NYC Taxis Disappear at 4
Defying logic, New York City taxis are least available when they're most needed: as people are getting off work.
Defying logic, New York City taxis are least available when they’re most needed: as people are getting off work and ready to go home. Michael Grynbaum for NYT:
There is new data to confirm what generations of New Yorkers have long known in their bones: just as the afternoon rush is about to begin, the taxicabs disappear by the hundreds.
From 4 to 5 p.m., the traditional hour for cabs to change shifts, the number of active taxicabs on the streets falls by nearly 20 percent compared with an hour before, according to a city review of GPS records taken from thousands of cab trips over the past year.
In fact, the number of cabs that pick up at least two fares during that taxicab witching hour is the lowest of any hour between 7 a.m. and midnight, the data show. This vanishing trend turned up in the data regardless of time of year or day of the week.
So, why on earth would they do the switchover at such a maddening time? Indeed, why not have overlapping shifts this hour, increasing the supply of cabs when demand is at its peak?
The explanation for the 5 p.m. dip is steeped in the history and economics of the taxi industry. Many taxicabs are used by two drivers a day, each working a 12-hour shift. To ensure that each leg is equally attractive, taxi owners schedule the shift change in the middle of the afternoon, so each shift gets a rush hour.
But the switch cannot happen too early, either: a 2 p.m. changeover, for instance, would require a day driver to start his 12-hour shifts in the wee hours of the morning. And cabbies say the midafternoon offers brisk business not evident 12 hours later, when fares mainly consist of late-night revelers.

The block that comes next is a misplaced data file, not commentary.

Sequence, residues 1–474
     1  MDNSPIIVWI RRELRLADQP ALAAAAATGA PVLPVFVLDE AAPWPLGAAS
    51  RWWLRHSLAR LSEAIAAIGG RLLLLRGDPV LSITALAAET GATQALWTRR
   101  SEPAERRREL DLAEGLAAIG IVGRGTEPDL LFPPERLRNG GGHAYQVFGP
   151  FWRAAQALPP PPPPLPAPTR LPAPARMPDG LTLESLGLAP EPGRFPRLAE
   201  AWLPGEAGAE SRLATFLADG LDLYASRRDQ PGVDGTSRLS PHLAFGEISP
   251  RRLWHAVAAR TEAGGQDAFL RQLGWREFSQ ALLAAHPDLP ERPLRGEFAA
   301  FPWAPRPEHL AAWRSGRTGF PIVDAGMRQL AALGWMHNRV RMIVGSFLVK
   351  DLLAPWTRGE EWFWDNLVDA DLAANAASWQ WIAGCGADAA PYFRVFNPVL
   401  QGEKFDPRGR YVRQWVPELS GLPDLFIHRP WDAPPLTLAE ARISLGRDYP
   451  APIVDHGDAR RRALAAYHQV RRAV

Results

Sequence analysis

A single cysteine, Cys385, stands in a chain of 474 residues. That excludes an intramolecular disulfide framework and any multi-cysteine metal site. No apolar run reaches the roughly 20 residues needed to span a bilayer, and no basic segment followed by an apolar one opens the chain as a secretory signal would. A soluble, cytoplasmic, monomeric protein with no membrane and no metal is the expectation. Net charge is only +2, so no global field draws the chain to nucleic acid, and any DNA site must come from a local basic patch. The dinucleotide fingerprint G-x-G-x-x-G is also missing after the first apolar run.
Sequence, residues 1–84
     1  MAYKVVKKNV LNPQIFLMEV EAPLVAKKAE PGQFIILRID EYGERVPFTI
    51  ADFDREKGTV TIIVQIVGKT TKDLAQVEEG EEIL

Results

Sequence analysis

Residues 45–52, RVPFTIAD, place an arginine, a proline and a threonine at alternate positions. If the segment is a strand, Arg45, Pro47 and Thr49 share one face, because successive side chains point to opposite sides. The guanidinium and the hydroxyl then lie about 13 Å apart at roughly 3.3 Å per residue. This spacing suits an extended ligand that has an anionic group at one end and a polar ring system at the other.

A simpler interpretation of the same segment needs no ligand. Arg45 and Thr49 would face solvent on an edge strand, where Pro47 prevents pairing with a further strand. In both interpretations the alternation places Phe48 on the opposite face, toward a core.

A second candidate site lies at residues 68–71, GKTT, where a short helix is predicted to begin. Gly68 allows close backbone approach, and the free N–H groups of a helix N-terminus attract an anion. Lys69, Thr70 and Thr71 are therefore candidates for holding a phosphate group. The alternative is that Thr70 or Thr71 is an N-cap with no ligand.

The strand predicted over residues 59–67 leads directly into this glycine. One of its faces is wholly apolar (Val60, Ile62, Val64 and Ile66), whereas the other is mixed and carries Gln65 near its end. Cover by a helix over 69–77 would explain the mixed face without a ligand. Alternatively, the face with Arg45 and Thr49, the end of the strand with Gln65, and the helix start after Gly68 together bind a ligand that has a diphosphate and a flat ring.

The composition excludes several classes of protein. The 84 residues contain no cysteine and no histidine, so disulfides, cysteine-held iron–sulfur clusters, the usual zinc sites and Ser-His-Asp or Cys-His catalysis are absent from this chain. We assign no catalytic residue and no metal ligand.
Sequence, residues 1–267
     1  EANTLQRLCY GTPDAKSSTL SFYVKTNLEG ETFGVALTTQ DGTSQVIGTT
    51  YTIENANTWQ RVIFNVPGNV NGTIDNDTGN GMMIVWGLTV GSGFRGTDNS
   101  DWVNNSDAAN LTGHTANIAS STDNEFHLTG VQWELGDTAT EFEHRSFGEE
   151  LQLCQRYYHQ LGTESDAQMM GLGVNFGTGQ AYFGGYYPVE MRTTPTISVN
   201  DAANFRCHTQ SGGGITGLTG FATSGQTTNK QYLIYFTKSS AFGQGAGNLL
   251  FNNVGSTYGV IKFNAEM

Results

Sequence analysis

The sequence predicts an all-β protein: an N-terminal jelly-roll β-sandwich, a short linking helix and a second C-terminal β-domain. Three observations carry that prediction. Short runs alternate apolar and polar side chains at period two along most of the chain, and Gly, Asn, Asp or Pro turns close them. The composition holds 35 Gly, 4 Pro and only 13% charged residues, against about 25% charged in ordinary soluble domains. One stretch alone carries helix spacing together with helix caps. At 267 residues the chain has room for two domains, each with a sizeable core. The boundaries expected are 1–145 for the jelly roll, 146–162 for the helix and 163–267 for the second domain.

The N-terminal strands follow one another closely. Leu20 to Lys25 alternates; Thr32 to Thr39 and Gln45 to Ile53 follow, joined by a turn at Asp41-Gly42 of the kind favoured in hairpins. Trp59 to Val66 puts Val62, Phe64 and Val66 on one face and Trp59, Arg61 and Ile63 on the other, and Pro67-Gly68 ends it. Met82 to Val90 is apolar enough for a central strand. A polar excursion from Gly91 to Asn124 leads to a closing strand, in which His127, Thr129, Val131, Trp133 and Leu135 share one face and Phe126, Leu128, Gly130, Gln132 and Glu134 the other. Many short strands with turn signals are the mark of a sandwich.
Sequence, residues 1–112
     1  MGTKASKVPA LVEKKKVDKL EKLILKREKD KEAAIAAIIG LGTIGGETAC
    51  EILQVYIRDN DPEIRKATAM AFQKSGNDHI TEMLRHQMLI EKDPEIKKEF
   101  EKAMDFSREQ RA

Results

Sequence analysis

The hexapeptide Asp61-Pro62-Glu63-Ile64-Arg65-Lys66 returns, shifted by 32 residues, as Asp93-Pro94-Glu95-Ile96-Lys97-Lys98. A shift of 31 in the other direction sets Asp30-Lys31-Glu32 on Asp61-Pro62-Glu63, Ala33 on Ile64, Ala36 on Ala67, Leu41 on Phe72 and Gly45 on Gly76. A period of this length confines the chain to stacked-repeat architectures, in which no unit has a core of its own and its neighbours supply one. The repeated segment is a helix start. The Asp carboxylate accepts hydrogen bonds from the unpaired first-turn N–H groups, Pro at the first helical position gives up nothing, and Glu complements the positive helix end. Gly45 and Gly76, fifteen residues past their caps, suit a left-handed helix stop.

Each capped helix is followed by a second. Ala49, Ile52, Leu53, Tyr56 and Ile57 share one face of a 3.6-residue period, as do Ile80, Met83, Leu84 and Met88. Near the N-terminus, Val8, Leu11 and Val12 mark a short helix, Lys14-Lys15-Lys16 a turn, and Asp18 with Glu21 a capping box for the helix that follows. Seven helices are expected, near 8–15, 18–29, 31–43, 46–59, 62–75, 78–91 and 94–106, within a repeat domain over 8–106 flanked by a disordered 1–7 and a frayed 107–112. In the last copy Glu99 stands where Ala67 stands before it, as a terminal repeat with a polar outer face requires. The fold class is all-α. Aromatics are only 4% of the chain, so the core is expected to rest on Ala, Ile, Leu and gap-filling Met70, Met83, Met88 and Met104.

Hence the 5 p.m. compromise. When the changeover became standard, its timing did not pose a big problem for passengers. Many taxi garages were situated on the Far West Side of Manhattan, requiring cabs to make only a short trip to 11th Avenue before heading back to Midtown with a fresh driver.
But in the 1980s, as commercial rents rose, taxi fleets began migrating across the East River, particularly to Long Island City, Queens. The 5 p.m. shift change now included a journey over the often-packed Queensboro Bridge, not to mention the return slog to the city. Drivers started going off duty between 4 and 4:30 p.m., to ensure that they had enough time to make it to the garage; even today, tardy cabbies can be hit with a $30 fine.
If the system changed, “I’d be very upset,” Youssef Kamel, 34, a day driver from Brooklyn, said the other day. Mr. Kamel was at the BP station on Houston Street, which is among several places that serve as transfer points for driver-owned taxicabs, unaffiliated with a fleet. The gas station gets so busy after 4 p.m. on weekdays, with dozens of cabs gassing up and changing drivers, that managers wave off private automobiles, asking them to return after 5.
Fascinating. Here, the free market provides maddeningly suboptimal service for customers. Not because greedy businesses are screwing them but because it’s in the best interests of the employees.
Apparently, the trend is easing as more taxis become driver-owned and thus not shared.